And I had fun with it. I don't just mean the normal fun of a QEftSG episode (or even the extra fun of my husband wondering if we could get them to do us - I'm serious. He was.) There was also the fun of "where is Adam on the spectrum." See, people told me that Adam was Orthodox, since his kitchen was kosher.
He's not. I'd place him as observant Conservative. It wasn't that he never wore a yarmulke, although that's suspect. It certainly wasn't that his wife did not cover her hair and wore a rather cute pantsuit in the end. Those could easily place her as Modern Orthodox.
The kosher kitchen could place them anywhere on the spectrum - there are nonreligious and Reform Jews who keep kosher kitchens. The mezuzot on the interior doors put them on the observant side of things, I *think*.
The real clues were that Ted gave them a nonkosher brand of champagne. The Conservative movement, for good and sufficient reasons, has decided that, other than for kiddush and Passover, wine need not be kosher. Or, rather, that all wine is permissible. This is because wine is no longer manufactured for idolworship. The Orthodox movement does not agree, so all wine must be kosher.
But the real telling moment was when Adam shaved. Orthodox Jewish men do not shave with blades. They consider that to be forbidden from the Torah. In earlier days, those men who didn't want beards used depilatories. These days, they use electric razors that mimic the action of scissors, and are thus acceptable. Adam had no problems using a regular bladed safety razor. (Also, and just on a personal note, I think he looked better unshaven. He just would need to shave the cheeks so it looks on purpose, not accidental.)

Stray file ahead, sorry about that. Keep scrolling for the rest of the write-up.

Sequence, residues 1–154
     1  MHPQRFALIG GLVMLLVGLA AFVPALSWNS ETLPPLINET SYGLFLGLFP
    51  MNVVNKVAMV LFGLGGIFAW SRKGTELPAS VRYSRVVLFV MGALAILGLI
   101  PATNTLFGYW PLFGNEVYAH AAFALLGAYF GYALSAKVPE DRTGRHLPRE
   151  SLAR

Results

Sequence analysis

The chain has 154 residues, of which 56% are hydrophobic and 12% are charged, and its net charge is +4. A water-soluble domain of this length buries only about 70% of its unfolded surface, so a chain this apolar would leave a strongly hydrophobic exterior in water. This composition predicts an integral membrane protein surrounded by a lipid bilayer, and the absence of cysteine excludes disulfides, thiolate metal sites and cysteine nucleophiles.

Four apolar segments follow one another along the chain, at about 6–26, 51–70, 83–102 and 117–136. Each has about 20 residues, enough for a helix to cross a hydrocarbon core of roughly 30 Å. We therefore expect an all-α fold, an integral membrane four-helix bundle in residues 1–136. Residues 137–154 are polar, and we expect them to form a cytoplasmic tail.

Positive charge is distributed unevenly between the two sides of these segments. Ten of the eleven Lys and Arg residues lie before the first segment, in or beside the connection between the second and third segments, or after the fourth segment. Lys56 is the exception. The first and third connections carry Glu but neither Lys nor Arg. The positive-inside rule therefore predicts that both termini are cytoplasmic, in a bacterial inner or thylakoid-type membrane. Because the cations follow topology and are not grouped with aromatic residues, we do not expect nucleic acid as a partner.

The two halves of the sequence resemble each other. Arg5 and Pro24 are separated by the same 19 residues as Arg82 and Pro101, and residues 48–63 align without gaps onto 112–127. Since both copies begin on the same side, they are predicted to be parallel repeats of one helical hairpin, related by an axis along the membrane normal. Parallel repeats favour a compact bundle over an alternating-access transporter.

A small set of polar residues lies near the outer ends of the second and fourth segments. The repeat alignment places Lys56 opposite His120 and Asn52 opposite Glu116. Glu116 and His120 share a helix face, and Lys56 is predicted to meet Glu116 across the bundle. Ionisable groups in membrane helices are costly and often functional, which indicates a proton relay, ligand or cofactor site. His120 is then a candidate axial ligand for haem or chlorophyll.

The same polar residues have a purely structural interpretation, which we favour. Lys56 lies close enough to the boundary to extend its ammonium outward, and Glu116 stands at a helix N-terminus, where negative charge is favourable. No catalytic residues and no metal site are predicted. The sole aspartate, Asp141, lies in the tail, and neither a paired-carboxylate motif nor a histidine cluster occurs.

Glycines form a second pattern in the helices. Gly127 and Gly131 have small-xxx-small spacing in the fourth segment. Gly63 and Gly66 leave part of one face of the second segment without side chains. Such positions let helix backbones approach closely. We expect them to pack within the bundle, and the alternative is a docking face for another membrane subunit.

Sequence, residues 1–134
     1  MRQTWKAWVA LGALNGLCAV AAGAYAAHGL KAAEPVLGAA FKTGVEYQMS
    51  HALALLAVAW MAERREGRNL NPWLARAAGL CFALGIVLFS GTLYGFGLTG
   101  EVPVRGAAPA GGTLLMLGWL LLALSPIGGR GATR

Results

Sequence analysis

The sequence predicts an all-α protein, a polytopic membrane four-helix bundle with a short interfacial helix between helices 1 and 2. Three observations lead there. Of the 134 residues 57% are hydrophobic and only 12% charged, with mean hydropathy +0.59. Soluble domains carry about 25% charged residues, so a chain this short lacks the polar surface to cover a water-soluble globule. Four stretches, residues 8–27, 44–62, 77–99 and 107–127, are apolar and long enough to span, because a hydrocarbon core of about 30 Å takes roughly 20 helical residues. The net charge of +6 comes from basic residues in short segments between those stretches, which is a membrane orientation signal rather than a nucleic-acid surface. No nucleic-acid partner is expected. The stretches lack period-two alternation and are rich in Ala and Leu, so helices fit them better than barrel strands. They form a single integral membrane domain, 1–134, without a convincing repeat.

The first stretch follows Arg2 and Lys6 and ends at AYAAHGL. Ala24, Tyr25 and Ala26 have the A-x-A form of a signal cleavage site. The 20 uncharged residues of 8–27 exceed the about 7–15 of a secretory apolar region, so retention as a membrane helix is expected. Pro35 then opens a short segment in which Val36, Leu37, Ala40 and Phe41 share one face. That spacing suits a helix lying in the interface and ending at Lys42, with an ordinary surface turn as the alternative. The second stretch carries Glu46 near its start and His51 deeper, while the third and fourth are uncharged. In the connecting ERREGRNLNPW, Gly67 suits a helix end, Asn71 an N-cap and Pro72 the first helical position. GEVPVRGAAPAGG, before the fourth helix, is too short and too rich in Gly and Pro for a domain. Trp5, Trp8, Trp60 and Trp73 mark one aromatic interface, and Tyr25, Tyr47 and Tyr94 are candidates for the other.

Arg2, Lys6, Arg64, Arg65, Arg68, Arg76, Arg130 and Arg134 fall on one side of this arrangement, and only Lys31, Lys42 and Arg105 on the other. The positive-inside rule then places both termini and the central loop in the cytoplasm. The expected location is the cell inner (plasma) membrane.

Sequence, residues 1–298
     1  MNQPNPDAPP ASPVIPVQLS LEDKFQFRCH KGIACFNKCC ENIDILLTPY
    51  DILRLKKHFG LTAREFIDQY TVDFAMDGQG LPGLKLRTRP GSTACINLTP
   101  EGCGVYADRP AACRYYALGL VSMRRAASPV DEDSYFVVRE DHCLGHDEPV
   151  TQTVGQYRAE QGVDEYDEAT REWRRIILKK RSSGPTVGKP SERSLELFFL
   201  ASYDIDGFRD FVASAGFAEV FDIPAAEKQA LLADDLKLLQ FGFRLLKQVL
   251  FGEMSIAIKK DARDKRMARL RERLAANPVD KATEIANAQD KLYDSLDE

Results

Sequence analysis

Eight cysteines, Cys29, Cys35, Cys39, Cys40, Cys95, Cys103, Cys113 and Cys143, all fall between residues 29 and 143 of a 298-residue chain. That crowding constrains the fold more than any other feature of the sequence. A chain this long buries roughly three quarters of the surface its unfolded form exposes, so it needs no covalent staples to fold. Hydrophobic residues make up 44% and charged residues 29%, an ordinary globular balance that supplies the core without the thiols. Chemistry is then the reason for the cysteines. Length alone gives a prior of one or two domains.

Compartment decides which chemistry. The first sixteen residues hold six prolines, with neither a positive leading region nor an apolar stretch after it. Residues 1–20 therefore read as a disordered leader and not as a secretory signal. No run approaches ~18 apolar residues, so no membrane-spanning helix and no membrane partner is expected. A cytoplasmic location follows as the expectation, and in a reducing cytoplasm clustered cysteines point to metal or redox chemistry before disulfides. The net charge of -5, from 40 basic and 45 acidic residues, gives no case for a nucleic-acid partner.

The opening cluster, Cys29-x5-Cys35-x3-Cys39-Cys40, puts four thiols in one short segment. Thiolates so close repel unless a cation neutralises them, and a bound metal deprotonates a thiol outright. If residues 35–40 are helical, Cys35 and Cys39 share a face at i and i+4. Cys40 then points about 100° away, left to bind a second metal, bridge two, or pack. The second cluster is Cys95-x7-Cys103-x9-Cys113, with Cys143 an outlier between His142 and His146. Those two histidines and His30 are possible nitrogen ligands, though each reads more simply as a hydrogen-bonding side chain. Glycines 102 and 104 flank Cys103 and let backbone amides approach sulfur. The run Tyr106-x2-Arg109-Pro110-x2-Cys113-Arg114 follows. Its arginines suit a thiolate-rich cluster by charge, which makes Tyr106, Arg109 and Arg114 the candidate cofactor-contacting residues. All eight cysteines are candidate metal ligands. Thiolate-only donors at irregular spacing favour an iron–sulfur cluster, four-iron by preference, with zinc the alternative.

This, however, is something rather obscure, and not generally known outside the Jewish community.
I'm remember a Starsky and Hutch fic I read where the author gave Starsky a straight-edge razor that had been passed down in his family from the old country, and that's extremely unlikely. Nothing is impossible, of course, but it is unlikely. And it's equally unlikely that the writer of the story would know that, or even think to ask - it's not a reasonble thing for someone to ask.